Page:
BERKELEY -- In less than a day, a UC Berkeley group voted to rescind TV show host Bill Maher's invitation to speak at the campus's December commencement -- and the campus chancellor, invoking the university's free-speech legacy, rejected that decision, saying Maher was still welcome.
"The UC Berkeley administration cannot and will not accept this decision, which appears to have been based solely on Mr. Maher's opinions and beliefs, which he conveyed through constitutionally protected speech," read a statement released late Wednesday afternoon by the administration.
"For that reason Chancellor (Nicholas) Dirks has decided that the invitation will stand, and he looks forward to welcoming Mr. Maher to the Berkeley campus."
The student group The Californians -- who selected Maher in August -- had been under pressure to act. Some on campus, including Muslim student-leaders who argued Maher's statements about Islam perpetuated hate and misunderstanding of the Arab world, launched a petition on Change.org to stop Maher from speaking.
"Bill Maher is a blatant bigot and racist who has no respect for the values UC Berkeley students and administration stand for," the petition says. " ... Bill Maher's public statements on various religions and cultures are offensive and his dangerous rhetoric has found its way into our campus communities."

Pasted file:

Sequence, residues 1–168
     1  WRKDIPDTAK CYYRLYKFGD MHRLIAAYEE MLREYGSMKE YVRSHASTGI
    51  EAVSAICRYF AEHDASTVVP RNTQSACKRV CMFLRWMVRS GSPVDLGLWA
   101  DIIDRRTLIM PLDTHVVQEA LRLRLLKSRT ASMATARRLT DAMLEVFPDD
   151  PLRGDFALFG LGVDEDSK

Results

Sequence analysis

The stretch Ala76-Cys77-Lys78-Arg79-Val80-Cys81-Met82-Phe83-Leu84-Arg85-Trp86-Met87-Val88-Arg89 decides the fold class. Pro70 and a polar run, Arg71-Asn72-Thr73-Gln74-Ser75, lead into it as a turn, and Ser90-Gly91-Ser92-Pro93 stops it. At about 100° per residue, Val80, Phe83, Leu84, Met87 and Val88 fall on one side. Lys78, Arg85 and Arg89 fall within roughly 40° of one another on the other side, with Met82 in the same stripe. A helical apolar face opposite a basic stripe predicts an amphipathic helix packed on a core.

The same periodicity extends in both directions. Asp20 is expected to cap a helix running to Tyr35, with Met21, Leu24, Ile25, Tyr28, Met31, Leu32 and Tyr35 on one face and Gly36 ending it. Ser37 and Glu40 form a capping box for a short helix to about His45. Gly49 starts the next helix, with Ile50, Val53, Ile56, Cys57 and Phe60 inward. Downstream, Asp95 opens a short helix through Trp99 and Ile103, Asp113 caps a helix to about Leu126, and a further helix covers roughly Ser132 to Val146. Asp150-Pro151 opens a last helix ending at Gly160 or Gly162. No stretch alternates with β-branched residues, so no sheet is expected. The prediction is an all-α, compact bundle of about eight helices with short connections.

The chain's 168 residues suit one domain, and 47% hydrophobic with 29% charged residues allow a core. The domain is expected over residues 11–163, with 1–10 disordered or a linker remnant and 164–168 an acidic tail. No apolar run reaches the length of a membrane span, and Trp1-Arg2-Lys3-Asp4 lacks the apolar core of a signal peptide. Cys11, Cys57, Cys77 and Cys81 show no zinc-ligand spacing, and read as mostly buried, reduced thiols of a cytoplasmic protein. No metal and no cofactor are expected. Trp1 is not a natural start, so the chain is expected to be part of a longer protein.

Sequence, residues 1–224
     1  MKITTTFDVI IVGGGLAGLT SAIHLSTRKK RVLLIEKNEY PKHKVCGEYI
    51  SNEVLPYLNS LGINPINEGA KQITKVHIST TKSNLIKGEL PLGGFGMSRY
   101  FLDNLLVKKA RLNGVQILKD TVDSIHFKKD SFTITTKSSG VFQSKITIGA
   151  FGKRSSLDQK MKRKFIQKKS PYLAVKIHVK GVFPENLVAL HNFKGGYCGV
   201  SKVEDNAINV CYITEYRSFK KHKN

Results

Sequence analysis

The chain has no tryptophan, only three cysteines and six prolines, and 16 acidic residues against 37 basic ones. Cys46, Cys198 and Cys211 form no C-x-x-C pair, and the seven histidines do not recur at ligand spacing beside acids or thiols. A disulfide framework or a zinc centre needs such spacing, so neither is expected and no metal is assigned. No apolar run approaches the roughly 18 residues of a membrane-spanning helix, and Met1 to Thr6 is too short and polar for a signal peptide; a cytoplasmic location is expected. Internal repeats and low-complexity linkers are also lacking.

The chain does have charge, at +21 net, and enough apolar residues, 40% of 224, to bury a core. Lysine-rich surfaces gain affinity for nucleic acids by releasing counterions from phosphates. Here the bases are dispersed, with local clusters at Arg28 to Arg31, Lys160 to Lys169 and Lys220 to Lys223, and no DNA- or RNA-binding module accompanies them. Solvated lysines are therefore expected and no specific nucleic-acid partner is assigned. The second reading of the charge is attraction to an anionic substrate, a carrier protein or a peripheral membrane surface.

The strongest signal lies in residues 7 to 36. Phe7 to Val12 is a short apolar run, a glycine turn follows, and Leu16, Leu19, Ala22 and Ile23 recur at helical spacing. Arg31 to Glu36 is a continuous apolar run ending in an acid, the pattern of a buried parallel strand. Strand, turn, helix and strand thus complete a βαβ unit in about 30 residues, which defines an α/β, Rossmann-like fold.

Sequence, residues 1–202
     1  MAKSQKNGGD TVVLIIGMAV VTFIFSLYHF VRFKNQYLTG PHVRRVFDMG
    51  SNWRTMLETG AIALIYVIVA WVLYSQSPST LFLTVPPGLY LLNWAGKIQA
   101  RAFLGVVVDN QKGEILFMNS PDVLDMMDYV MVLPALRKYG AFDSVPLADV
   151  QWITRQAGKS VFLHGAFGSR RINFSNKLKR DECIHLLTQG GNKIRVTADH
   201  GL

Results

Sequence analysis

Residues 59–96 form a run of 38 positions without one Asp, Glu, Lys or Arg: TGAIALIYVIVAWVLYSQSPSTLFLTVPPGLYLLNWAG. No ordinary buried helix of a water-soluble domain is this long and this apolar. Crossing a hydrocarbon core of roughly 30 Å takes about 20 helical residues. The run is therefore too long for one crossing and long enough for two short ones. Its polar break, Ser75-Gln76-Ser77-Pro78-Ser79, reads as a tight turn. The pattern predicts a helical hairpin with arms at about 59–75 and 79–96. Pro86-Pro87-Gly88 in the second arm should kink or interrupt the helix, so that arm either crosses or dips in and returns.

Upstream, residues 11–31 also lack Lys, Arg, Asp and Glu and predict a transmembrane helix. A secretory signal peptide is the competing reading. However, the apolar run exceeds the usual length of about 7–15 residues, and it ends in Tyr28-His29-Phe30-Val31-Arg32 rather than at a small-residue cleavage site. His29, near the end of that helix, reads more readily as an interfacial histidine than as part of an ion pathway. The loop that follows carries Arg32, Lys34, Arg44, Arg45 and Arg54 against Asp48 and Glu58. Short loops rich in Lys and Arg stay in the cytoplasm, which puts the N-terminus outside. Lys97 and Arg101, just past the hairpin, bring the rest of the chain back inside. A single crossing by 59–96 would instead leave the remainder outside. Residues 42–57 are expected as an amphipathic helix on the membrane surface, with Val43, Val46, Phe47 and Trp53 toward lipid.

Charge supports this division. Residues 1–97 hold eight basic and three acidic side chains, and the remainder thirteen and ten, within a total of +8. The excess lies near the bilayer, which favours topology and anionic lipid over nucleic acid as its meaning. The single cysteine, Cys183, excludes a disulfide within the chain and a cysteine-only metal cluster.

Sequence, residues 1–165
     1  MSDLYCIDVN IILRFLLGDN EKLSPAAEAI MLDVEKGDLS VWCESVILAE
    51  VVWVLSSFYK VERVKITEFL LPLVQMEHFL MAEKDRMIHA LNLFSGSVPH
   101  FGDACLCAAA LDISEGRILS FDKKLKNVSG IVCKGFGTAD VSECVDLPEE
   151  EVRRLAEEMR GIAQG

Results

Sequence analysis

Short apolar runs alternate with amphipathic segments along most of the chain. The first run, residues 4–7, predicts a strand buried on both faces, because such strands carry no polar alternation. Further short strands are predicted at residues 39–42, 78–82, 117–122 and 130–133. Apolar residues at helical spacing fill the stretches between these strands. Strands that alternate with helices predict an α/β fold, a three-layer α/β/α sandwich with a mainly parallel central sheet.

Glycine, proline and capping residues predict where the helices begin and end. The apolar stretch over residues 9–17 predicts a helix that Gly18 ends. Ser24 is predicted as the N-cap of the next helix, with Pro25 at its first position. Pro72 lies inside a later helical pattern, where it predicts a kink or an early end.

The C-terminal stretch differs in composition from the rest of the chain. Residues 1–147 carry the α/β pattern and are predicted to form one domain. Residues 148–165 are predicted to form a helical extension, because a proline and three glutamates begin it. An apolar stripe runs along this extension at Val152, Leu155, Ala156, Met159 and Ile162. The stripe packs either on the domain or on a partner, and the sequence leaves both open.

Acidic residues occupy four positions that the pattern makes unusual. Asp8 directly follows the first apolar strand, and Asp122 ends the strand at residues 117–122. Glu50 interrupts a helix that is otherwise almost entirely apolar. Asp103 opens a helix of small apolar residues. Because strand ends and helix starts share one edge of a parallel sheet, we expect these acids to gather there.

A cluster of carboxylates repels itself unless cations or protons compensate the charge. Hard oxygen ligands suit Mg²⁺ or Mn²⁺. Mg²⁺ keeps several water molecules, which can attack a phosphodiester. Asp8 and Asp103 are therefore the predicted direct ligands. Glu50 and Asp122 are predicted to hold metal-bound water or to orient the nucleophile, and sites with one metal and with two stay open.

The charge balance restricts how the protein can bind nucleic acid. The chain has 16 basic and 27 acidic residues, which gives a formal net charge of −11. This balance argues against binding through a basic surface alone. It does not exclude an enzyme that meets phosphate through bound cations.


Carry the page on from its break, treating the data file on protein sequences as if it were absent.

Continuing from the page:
As of Wednesday evening, it had collected more than 4,000 signatures.
In a recent "Real Time with Bill Maher" show, Maher said liberals like himself needed to stand up against intolerance, violence and oppression of free speech.
During the discussion, Maher said of Islam: "It's the only religion that acts like the mafia that will (expletive) kill you if you say the wrong thing, draw the wrong picture or write the wrong book."
Students opposed to Maher's selection argued that a commencement address was different from a campus lecture -- that it was a kind of endorsement.
In its statement, the administration rebutted that assertion, saying its decision "does not constitute an endorsement" and that "the administration's position on Mr. Maher's opinions and perspectives is irrelevant in this context."
It went on to say, "More broadly, this University has not in the past and will not in the future shy away from hosting speakers who some deem provocative."
The statement also said the campus would develop a new policy on commencement speaker selection so that future decisions will be handled in line with the campus's "enduring commitment to free speech."
The administration's position was deeply disappointing to Aiman Arif, a senior at Berkeley and president of the Muslim Student Association, who said it was clear that students' complaints had been misunderstood.
"We're not calling to silence Bill Maher," Arif said. " ... But at a commencement speech, where he's speaking to college grads at the most important ceremony of their lives so far, it's not appropriate for that setting."
Follow Katy Murphy at Twitter.com/katymurphy.
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